Mixing (process engineering)
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In industrial process engineering, mixing is a unit operation that involves manipulating a heterogeneous physical system, with the intent to make it more homogeneous. Familiar examples include pumping of the water in a swimming pool to homogenize the water temperature, and the stirring of pancake batter to eliminate lumps.
Solids mixing 
Blending powders is one of the oldest unit-operations in the solids handling industries. For many decades powder blending has been used just to homogenise bulk materials. Many different machines have been designed to be able to handle materials with various bulk solids properties. On the basis of the practical experience gained with these different machines, engineering knowledge has been developed to construct reliable equipment and to predict scale-up and mixing behaviour. Nowadays the same mixing technologies are used for many more applications: to improve product quality, to coat particles, to fuse materials, to wet, to dispers in liquid, to agglomerate, to alter functional material properties, etc. This wide range of applications of mixing equipment requires a high level of knowledge, long time experience and extended test facilities to come to the optimal selection of equipment and processes.
Mixing mechanisms 
In powder mixing two different dimensions in the mixing process can be determined: convective mixing and intensive mixing. In the case of convective mixing material in the mixer is transported from one location to another. This type of mixing process will lead to a less ordered state inside the mixer, the components which have to be mixed will be distributed over the other components. With progressing time the mixture will become more and more randomly ordered. After a certain mixing time the ultimate random state is reached. Usually this type of mixing is applied for free-flowing and coarse materials. Possible threat during macro mixing is the de-mixing of the components, since differences in size, shape or density of the different particles can lead to segregation. In the convective mixing range, Hosokawa has several processes available from silo mixers to horizontal mixers and conical mixers. When materials are cohesive, which is the case with e.g. fine particles and also with wet material, convective mixing is no longer sufficient to obtain a randomly ordered mixture. The relative strong inter-particle forces will form lumps, which are not broken up by the mild transportation forces in the convective mixer. To decrease the lump size additional forces are necessary; i.e. more energy intensive mixing is required. These additional forces can either be impact forces or shear forces.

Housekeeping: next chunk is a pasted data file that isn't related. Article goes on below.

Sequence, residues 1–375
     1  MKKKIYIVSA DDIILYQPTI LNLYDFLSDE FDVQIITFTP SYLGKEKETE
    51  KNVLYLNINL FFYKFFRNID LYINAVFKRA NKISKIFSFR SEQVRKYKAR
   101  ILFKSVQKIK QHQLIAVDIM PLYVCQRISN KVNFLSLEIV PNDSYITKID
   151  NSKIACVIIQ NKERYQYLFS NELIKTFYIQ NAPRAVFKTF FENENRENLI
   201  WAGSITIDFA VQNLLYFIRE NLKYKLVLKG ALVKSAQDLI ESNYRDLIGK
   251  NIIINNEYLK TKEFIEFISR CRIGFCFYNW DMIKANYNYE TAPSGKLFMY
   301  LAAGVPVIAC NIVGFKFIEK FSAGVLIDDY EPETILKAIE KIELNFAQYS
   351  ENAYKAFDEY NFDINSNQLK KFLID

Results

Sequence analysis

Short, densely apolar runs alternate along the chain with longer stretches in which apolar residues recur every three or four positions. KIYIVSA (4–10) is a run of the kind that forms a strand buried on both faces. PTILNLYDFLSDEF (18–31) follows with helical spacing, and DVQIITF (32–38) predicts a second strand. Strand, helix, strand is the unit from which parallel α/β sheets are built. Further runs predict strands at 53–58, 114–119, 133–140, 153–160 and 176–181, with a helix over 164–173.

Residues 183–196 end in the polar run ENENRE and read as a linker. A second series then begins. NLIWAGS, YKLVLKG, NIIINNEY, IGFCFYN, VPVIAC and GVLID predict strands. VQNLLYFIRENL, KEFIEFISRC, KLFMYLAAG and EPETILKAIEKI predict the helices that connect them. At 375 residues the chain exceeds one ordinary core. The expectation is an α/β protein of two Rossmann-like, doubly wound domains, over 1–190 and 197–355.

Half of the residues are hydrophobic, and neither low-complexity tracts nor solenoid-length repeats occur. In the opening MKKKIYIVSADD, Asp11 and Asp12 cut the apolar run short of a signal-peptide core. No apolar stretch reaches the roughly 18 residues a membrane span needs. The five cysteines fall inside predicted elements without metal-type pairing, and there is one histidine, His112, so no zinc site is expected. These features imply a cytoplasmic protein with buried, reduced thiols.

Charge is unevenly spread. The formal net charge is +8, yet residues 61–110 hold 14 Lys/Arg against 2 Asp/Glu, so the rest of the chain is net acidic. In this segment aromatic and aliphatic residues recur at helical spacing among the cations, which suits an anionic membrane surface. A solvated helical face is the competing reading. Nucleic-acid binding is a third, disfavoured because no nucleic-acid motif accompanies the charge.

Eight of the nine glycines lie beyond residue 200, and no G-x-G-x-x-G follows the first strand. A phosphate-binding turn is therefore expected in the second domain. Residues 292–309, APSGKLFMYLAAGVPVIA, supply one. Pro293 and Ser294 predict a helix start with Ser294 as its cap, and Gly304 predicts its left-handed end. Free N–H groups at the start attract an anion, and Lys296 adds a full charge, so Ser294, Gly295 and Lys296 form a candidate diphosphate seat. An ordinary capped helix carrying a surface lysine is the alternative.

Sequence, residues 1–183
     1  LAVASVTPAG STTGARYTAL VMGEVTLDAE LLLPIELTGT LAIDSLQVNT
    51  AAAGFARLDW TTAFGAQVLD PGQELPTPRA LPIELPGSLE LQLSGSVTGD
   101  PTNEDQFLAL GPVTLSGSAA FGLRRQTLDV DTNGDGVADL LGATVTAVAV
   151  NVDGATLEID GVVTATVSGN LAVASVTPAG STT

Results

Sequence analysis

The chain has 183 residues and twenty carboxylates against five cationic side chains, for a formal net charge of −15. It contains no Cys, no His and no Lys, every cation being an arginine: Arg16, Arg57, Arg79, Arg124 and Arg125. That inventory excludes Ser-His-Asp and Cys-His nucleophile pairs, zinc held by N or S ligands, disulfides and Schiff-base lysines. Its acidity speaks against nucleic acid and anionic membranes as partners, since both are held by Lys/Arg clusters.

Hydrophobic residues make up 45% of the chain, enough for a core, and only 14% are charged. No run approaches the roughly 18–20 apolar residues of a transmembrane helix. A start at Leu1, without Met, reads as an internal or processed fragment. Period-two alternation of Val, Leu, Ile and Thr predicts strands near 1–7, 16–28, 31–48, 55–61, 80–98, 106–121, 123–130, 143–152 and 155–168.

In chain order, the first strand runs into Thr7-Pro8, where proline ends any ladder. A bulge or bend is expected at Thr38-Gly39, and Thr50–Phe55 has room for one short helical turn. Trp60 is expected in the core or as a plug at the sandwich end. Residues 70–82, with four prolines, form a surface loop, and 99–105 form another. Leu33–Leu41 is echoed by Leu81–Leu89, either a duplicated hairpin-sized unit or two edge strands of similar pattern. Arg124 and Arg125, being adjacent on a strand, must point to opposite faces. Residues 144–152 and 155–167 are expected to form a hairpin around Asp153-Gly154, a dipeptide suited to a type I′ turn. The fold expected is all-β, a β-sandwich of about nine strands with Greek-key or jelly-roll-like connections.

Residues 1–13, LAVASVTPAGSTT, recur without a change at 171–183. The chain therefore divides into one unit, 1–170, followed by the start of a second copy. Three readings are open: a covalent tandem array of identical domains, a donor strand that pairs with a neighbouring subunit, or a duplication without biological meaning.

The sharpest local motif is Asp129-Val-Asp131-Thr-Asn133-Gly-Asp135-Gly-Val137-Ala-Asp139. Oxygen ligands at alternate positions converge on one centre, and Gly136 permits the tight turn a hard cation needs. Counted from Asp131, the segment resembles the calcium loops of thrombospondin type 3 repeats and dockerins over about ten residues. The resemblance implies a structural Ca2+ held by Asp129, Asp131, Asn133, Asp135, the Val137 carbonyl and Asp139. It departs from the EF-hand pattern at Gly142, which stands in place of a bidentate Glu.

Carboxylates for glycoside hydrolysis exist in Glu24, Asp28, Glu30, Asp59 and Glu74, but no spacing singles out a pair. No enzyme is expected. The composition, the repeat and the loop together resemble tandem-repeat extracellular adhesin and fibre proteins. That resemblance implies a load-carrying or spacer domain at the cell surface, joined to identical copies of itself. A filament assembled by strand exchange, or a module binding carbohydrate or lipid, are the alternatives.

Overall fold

Mixing Calculations 
The level of mixing is determined by the pumping effect or dynamic response that the mixer imparts into the fluid. When a mixing impeller rotates in the fluid, it generates a combination of flow and shear. The impeller generated flow can be calculated by using the following equation:
Flow = (Flow_Number * RPM * Impeller_Diameter^3) / 231
Output is in Gallons / Minute
Flow numbers for impellers have been published by the North American Mixing Forum, Post Mixing, and Fusion Fluid Equipment.
An online mixing calculator is available http://www.fusionfluid.com/FusionFluidEquipmentLLC/html/calculator_guide.html
Laboratory mixing 
At a laboratory scale, mixing is achieved by magnetic stirrers or by simple hand-shaking.
Mixing in Microfluidics 
When scaled down to the microscale, fluid mixing behaves radically different. This is typically at sizes from a couple (2 or 3) millimeters down to the nanometer range. At this size range normal convection does not happen unless you force it. Diffusion is the dominate mechainism whereby two different fluids come together. Diffusion is a relatively slow process. Hence a number of researchers had to devise ways to get the two fluids to mix. This involved Y junctions, T junctions, 3 way intersections and designs where the interfacial area between the two fluids is maximized. Beyond just interfacing the two liquids people also made twisting channels to force the two fluids to mix. These included multilayered devices where the fluids would corkscrew, looped devices where the fluids would flow around obstructions and wavy devices where the channel would constrict and flare out. Additionally channels with features on the walls like notches or groves were tried.
One way to tell if mixing is happening due to convection or diffusion is by finding the Peclet number. It is the ratio of convection to diffusion. At high Peclet numbers, convection dominates. At low Peclet numbers, diffusion dominates.
Peclet = flow velocity * mixing path / diffusion coefficent
Industrial mixing 
At an industrial scale, efficient mixing can be difficult to achieve. A great deal of engineering effort goes into designing and improving mixing processes. Mixing at industrial scale is done in batches (dynamic mixing) or with help of static mixers.
Typical example of a mixing process in the industry is concrete mixing, where cement, sand, small stones or gravel and water are commingled to a homogeneous self-hardening mass, used in the construction industry. Another classical mixing process is mulling foundry molding sand, where sand, bentonite clay, fine coal dust and water are mixed to a plastic, moldable and reusable mass, applied for molding and pouring molten metal to obtain sand castings that are metallic parts for automobile, machine building, construction or other industries.